“Essentialism is not about how to get more things done; it’s about how to get the right things done. It doesn’t mean just doing less for the sake of less either. It is about making the wisest possible investment of your time and energy in order to operate at our highest point of contribution by doing only what is essential.”
How many articles do you run across which promise to help you accomplish more with your time, or tell you that you need to become a morning person in order to do more? These articles start with the premise that what is lacking in your life is time to do what you need. But that’s the wrong place to start. The question that Essentialism starts with is: “Am I spending my time on worthy things?” The question assumes that, indeed, we are unwisely spending at least some of our time.
Obviously we can’t develop the entire book for you in a short blog post, but perhaps we can “pregame” your reading of the book by looking at two key concepts.
The importance of saying no
Greg makes the case in the book that an Essentialist says no to practically everything, in order to be able to say yes to the really important things. This concept is exemplified by the case of Mohammed El-Erian, who a few years ago was head of a trillion-dollar investment firm, Pimco. In September of 2013, El-Erian’s 10-year old daughter handed him a list of items that El-Erian had missed “due to work,” which included a first day at school, a first soccer match, and a parent-teacher conference. El-Erian got defensive and started to explain himself, until he realized that he was missing the point…again. The point wasn’t work. The point was that ostensibly, his career was to be at the service of his family, and when that started to not be the case, it was a chance to pause and reflect. To El-Erian’s credit, he resigned from Pimco, where for years he had gotten to the office at 4:15 am and returned home at 7:00 pm. He realized that “saying yes,” even to very good opportunities, was pointless if his family was being left behind.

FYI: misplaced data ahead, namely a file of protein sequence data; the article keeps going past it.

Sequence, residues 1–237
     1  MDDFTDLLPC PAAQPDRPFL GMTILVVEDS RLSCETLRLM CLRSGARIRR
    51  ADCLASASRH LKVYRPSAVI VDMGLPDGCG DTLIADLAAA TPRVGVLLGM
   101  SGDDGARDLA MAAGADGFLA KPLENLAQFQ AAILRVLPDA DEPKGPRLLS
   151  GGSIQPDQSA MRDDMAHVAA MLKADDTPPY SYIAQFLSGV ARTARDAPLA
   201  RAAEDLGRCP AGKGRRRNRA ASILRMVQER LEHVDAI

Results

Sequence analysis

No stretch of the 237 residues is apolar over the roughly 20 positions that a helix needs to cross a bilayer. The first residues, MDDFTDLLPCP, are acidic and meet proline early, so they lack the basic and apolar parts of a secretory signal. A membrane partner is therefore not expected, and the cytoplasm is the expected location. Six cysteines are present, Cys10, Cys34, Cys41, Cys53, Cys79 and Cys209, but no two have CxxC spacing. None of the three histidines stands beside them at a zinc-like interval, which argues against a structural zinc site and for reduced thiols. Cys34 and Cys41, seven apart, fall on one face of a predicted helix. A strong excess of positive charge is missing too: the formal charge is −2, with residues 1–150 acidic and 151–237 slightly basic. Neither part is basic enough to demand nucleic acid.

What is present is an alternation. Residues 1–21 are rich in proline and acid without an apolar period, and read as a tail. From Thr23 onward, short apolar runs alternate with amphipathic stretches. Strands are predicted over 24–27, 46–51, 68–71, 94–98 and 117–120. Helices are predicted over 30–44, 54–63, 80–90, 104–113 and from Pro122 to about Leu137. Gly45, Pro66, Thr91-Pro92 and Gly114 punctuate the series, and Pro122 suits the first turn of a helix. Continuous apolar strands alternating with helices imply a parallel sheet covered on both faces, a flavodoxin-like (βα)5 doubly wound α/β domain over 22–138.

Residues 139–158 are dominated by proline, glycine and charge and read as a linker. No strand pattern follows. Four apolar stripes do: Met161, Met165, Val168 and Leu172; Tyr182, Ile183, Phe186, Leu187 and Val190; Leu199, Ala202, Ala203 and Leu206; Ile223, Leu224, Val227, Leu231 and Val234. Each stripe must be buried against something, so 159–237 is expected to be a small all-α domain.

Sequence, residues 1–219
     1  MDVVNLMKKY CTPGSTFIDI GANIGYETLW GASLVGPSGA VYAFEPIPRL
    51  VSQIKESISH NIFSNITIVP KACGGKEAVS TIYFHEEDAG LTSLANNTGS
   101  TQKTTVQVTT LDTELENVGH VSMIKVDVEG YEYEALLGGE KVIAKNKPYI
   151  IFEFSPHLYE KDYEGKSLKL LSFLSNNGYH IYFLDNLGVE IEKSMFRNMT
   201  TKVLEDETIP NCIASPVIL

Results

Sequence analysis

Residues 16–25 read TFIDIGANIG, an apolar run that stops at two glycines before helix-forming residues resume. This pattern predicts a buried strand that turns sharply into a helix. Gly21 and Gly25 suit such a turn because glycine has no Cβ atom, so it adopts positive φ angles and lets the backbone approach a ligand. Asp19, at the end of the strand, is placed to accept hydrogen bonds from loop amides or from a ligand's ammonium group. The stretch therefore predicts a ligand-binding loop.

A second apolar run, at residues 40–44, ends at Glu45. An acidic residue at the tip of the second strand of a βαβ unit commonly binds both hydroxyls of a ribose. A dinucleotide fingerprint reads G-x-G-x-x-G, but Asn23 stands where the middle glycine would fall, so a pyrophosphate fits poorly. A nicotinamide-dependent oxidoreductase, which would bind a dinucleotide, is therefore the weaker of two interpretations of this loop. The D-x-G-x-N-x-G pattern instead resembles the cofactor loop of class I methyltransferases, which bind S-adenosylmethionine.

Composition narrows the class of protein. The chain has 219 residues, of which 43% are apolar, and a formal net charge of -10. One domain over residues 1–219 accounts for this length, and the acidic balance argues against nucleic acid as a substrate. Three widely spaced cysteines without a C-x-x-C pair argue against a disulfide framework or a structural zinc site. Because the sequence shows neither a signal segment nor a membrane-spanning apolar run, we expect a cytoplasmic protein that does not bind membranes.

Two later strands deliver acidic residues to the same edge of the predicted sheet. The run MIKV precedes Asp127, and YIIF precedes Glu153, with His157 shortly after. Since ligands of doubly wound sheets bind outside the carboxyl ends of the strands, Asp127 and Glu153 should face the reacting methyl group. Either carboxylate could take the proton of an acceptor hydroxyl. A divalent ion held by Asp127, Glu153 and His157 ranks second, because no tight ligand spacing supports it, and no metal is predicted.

Use extreme criteria to determine what is essential
Greg says, “If it isn’t a clear yes, it’s a clear no” when considering whether to devote time to a project, task, or activity. In this point he is echoing Derek Sivers’ well-known “Hell Yeah” article. Before you dismiss both McKeown and Sivers as “unrealistic” or “unreasonable” in their thoughts, realize that arguing against using extreme criteria to determine what is essential means retaining room in your life for things that you are not passionate about, that have simply accrued unintentionally, instead of being being open-minded as to how to change that and have a more curated and intentional life.
So, conduct a life audit. Life, like finances and garages, can get cluttered after a while. Just take a moment to go through what you are doing and ask yourself if these things are really, truly what you want to be involved with. And don’t be afraid to return back to the favorite word of the Essentialist, “No.” Just because you said “Yes” to a project or activity or board position years ago doesn’t mean you are committed for life. If you need a bit of help giving yourself permission to quit something, use this Freakonomics podcast.
Still need a bit of a nudge? Check out this brief talk the author gave for the Stanford Business school. Intrigued and want more? Listen to this interview with Greg conducted by Jordan Harbinger of The Art of Charm.